4. We call on research institutions and scientific associa-tions in fields related to tuberculosis to further promote research and training in its diagnosis and treatment.
5. We call on organizations directly involved in the fight against tuberculosis to redouble their efforts to combat tuberculosis, such as by disseminating correct information and knowledge more widely and frequently.
6. We call on each and every member of the public to informthemselves properly about tuberculosis. Furthermore,we stro-ngly urge the public to work to prevent the spread of tuber-culosis by undergoing regular medical examinations at every opportunity. Persistent coughs should not be regarded as merely a cold symptom: they should be examined by a doctor.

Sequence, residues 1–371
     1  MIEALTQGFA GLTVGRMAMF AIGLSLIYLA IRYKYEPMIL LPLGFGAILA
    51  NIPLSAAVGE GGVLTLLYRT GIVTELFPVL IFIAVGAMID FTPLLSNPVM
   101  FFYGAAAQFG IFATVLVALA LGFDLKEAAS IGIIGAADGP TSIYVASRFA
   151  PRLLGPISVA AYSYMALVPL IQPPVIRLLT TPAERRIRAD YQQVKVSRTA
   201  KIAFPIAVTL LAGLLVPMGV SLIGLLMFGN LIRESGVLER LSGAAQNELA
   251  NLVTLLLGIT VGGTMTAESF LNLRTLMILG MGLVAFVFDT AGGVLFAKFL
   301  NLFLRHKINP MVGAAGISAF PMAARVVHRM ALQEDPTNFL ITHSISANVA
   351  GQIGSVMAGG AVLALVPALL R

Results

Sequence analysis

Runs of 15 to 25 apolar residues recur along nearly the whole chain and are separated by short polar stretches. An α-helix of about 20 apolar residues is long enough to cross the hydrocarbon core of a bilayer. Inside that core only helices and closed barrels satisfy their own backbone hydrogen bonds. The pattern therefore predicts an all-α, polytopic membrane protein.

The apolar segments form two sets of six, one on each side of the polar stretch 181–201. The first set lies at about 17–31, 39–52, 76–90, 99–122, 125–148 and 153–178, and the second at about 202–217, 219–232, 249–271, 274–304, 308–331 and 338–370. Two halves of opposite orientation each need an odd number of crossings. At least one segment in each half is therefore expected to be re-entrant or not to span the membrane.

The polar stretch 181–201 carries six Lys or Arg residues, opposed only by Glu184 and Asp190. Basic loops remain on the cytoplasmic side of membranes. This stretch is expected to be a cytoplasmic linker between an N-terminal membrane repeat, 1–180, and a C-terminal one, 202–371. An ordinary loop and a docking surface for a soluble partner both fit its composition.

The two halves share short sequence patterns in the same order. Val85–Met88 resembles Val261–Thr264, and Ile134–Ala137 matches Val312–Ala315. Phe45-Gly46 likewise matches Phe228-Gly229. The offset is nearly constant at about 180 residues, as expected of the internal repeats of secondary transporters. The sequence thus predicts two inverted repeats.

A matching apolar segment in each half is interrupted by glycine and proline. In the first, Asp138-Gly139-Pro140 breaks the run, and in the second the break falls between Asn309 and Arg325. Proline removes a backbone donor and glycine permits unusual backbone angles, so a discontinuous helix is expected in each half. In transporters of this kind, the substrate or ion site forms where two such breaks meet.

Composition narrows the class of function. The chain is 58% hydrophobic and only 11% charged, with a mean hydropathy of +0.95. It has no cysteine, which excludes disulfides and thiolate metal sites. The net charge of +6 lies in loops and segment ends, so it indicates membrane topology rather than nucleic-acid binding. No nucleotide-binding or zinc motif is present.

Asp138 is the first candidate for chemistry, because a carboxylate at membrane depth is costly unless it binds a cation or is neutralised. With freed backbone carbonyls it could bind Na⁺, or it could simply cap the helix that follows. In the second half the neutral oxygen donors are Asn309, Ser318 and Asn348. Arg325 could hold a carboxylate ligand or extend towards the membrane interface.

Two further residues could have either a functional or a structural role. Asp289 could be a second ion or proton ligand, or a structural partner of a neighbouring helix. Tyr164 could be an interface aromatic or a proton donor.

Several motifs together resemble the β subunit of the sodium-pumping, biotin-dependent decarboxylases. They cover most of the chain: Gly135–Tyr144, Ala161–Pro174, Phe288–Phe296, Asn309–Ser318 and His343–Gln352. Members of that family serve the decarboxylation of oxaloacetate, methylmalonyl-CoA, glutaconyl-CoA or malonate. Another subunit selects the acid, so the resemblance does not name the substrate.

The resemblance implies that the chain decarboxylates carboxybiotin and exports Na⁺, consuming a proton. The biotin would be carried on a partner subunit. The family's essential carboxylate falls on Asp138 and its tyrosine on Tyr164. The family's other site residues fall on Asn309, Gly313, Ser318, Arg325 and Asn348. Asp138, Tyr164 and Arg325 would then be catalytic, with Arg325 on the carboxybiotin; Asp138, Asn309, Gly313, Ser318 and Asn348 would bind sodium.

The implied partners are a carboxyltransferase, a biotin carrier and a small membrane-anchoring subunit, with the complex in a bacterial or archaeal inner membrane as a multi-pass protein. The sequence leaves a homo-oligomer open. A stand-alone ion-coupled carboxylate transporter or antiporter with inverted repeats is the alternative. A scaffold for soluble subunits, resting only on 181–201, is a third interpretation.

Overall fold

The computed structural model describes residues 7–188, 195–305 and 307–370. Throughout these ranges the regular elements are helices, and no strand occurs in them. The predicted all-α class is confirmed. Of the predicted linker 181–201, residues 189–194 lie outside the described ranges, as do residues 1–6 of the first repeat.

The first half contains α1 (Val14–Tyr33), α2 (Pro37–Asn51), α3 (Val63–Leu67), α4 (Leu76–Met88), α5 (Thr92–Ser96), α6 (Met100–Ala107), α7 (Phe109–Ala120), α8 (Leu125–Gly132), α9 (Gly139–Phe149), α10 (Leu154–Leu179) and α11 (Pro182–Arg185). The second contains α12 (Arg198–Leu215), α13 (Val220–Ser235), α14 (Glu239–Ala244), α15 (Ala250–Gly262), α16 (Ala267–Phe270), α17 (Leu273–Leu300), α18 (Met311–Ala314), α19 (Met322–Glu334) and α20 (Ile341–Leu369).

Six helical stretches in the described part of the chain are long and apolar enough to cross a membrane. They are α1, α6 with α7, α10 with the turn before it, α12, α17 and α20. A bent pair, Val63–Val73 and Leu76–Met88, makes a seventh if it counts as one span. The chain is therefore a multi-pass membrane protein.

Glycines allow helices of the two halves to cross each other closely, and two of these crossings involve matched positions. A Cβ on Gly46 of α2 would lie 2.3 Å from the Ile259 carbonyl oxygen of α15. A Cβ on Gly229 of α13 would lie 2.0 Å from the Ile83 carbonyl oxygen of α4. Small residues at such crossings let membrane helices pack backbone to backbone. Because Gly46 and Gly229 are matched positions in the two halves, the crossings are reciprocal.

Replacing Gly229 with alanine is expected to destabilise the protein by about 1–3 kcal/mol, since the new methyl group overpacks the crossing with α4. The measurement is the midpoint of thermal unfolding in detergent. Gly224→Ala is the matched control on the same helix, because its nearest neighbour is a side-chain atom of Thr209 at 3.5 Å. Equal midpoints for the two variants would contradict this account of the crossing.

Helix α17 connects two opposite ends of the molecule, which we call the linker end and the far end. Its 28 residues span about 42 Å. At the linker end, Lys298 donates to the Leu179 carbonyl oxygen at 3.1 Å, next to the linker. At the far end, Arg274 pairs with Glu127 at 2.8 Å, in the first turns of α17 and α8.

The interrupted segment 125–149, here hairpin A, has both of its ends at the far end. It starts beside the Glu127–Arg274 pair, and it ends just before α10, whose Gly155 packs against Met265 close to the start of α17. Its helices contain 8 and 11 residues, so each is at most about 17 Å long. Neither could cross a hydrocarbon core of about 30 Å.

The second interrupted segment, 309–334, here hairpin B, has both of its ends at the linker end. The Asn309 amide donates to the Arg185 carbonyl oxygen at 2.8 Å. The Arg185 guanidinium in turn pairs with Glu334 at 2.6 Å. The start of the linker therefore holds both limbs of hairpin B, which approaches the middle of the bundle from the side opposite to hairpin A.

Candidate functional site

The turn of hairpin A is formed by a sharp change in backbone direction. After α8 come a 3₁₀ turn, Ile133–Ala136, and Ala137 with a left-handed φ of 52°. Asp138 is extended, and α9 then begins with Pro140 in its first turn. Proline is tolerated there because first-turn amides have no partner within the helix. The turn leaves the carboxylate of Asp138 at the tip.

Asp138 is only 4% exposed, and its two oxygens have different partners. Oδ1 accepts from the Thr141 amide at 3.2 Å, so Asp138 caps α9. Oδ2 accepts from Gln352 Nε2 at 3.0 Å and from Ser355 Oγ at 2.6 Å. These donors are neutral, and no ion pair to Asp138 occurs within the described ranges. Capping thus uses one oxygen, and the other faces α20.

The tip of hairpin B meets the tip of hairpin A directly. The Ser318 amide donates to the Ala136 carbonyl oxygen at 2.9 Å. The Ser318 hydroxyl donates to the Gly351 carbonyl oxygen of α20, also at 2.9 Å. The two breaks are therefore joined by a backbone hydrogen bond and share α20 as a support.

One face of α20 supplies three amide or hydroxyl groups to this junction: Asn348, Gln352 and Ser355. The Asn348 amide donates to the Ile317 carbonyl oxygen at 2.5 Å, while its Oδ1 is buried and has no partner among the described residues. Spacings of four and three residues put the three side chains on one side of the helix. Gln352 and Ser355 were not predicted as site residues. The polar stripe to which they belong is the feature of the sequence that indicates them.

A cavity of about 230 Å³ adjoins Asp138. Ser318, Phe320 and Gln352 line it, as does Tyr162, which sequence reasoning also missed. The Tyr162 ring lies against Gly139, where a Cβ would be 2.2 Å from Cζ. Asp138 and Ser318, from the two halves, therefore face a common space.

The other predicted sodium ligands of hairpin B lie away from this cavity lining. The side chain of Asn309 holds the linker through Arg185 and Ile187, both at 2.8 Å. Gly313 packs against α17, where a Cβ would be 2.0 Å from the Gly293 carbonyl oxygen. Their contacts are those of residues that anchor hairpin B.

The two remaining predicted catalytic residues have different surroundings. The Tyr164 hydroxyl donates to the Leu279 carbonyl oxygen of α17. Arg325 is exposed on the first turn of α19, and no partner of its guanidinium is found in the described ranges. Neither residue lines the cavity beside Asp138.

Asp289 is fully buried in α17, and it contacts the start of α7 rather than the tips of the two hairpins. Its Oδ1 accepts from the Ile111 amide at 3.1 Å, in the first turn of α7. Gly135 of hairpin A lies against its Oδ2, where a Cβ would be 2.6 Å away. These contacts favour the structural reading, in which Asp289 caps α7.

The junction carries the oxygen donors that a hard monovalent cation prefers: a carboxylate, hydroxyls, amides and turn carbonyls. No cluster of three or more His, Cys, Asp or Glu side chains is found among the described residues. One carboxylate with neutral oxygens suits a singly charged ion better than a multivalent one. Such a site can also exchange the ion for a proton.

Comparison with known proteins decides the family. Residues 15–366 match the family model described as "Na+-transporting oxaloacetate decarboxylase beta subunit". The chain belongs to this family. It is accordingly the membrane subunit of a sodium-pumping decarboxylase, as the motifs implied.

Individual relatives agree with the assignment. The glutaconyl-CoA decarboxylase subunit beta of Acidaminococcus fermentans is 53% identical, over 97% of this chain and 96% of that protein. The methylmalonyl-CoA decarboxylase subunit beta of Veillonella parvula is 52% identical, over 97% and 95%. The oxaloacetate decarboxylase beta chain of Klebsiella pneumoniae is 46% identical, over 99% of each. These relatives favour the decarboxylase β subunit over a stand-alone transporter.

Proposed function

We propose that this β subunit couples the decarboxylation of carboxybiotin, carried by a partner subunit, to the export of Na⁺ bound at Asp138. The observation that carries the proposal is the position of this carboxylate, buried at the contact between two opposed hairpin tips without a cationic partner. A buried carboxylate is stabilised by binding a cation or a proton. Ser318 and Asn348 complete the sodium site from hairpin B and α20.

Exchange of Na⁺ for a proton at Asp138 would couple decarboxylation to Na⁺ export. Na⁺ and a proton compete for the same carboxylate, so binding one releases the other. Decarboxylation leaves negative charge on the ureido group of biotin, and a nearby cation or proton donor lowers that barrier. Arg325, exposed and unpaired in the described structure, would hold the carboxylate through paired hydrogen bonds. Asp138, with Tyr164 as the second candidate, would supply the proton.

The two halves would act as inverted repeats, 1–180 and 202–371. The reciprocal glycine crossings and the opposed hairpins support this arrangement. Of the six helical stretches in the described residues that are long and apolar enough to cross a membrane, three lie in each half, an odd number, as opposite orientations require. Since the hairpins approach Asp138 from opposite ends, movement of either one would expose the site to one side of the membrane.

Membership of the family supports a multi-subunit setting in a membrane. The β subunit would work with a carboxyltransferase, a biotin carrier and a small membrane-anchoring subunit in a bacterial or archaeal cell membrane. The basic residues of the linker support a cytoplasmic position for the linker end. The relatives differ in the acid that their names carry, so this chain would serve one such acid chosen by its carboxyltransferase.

Japan must not return to the age when tuberculosis was the "national disease." To protect the health of the nation fromthe threat of tuberculosis, a new awareness of this threat must be developed in the Ministry of Health and Welfare, as well as among all related ministries and government agencies,local governments, related organizations, and each and everyindividual. All the forces of the nation must be united, based on this awareness, in the fight against tuberculosis. With the cooperation of all members of society, I firmly believe that we will prevail in this fight and ultimately overcome this disease.
In closing, I once again ask for your understanding and cooperation in this vital endeavor.
July 26, 1999
Minister of Health and Welfare
This is an English translation of declaration originally produced in Japanese. We did our utmost to ensure accuracy in our translation and believe it to be of the highest standard. However, in case of any discrepancies between the Japanese and English versions, the former should prevail as the official version.
Infectious Control Division